Tag Archives: Alfred Hitchcock Presents

Tis the season to be jolly…scary: On the Feast of Stephen

Over the next four nights I’ll be presenting four self-penned Christmas ghost stories that hopefully owe more to the likes of Alfred Hitchcock Presents rather than Christmas presents.

Our first tale of seasonal chills sees a man who discovers the hard way that a dog is for life, not just for Christmas…

On the Feast of Stephen

Steve hated Christmas. He hated everything about it. In fact he went out of his way to make it as horrible an experience as he could for as many people. His only pleasure was other people’s misery.

He knew that people loved their animals, so every year on the run up to Christmas Steve would go round trapping and hiding other people’s cats and dogs in his cellar and then enjoy hearing the distraught owners travel out in all weathers to try and find them, but they never did…and this year would be no different.

This had gone on for years and whenever people came prying or asking too many questions he would simply pack up his few belongings and move on. It wasn’t a problem as there was only himself to worry about and no one ever noticed him when he was there so they would miss him even less when he was gone.

This year he had done himself proud and managed smash his own ‘previous best’. His haul this year though had been gained at considerable risk as normally he would pick up cats and dogs from the street or tied up outside shops, but this year for the first time he had broken into backyards and garden sheds.

There was no doubt that he would have to move before next Christmas as such daring raids had undoubtedly aroused suspicion, but he knew that no one could touch him. He even used to joke to himself that even the police had no leads, when in fact often that was all that often remained of people’s canine companions.

Still, just to be on the safe side Steve had joined hordes of locals on searches of the local area such as woods, streams and the local quarry. He had even helped fly poster the usual local shop windows and lampposts.

Steve always ensured that he kept one of the photocopied ‘missing’ photos that he would neatly put into a ring binder file, alphabetically in the name of the pet of course, so he would always have a memento.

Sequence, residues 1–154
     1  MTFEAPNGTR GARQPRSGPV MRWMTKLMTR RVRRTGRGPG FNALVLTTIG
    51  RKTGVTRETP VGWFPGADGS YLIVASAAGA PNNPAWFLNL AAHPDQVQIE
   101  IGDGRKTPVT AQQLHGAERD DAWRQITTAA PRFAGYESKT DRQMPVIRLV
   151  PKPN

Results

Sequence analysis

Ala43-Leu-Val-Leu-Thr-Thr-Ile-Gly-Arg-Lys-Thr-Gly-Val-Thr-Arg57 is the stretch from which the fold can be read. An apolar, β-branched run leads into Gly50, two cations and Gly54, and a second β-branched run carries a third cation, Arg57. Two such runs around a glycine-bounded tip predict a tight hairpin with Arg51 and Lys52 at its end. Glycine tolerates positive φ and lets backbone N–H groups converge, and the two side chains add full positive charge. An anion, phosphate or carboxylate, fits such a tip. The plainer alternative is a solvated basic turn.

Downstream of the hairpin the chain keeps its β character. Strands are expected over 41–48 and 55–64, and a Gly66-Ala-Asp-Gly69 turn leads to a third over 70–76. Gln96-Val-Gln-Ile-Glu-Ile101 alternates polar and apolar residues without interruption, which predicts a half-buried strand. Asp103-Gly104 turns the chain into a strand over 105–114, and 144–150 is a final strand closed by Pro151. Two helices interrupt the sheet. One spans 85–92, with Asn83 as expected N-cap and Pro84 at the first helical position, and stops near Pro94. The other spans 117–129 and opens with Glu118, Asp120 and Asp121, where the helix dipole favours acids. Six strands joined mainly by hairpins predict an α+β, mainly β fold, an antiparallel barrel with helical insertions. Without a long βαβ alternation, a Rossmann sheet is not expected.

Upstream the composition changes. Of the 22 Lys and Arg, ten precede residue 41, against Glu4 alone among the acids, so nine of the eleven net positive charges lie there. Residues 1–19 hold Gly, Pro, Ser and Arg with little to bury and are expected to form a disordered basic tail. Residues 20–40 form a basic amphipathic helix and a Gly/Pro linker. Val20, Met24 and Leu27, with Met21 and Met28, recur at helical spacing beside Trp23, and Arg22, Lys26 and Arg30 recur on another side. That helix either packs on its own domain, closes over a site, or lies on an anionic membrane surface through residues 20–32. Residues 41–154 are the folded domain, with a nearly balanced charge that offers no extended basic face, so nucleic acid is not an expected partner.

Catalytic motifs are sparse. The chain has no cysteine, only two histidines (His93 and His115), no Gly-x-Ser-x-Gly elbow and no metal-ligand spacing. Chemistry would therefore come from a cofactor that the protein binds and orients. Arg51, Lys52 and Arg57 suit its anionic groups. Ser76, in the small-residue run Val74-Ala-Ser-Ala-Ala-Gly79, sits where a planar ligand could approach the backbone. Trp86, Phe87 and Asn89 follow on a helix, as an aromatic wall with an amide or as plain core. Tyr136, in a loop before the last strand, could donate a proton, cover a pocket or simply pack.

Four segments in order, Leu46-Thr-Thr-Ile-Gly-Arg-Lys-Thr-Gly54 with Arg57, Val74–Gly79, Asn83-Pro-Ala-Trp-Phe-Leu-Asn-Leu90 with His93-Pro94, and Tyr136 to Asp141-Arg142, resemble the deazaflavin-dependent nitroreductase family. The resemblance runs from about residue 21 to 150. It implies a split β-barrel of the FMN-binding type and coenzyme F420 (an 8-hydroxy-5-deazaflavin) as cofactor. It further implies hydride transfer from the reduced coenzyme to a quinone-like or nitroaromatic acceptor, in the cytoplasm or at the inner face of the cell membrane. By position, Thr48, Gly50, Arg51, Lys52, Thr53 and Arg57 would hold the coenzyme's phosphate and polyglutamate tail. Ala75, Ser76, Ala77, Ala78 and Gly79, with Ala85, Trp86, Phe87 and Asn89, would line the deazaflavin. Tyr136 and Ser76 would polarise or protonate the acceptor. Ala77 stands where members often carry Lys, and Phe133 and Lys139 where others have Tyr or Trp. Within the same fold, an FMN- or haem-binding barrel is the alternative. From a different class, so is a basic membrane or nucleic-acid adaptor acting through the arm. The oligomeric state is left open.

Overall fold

And to think that his teacher had always told him that he would amount to nothing and he would never make a difference to people’s lives. Well this would show his English teacher, Mr Orsett, this would show all of them. Indeed, all those years ago Mr Orsett’s cat, Bilbo, a beautiful tortoiseshell, had been his very first ‘prize’ and from then he had never looked back.

The ‘booty’ Steve had collected was plentiful and varied as he laid claim to the usual menagerie as well as rabbits and even a ferret! Time for celebration indeed as Steve purchased the largest turkey that money could buy.

Come Christmas Day, Steve, complete with crumpled paper crown from a cracker, ate like a King and gorged himself. He ensured that no morsels were tossed to the animals below. If he heard their cries and whimpers then he would just turn up the volume of the tirade of festive repeats on television to drown it out.

As usual Steve fell asleep in a drunken stupor in the chair. As he slept he felt something suspiciously like a cat brush against his leg. Can’t be, he thought, as he knew the door to the cellar was firmly bolted. Then he felt his hand licked by something that felt like the tongue of a dog. He woke with a start and peered round the darkened room, lit only by the flicker of the television…nothing.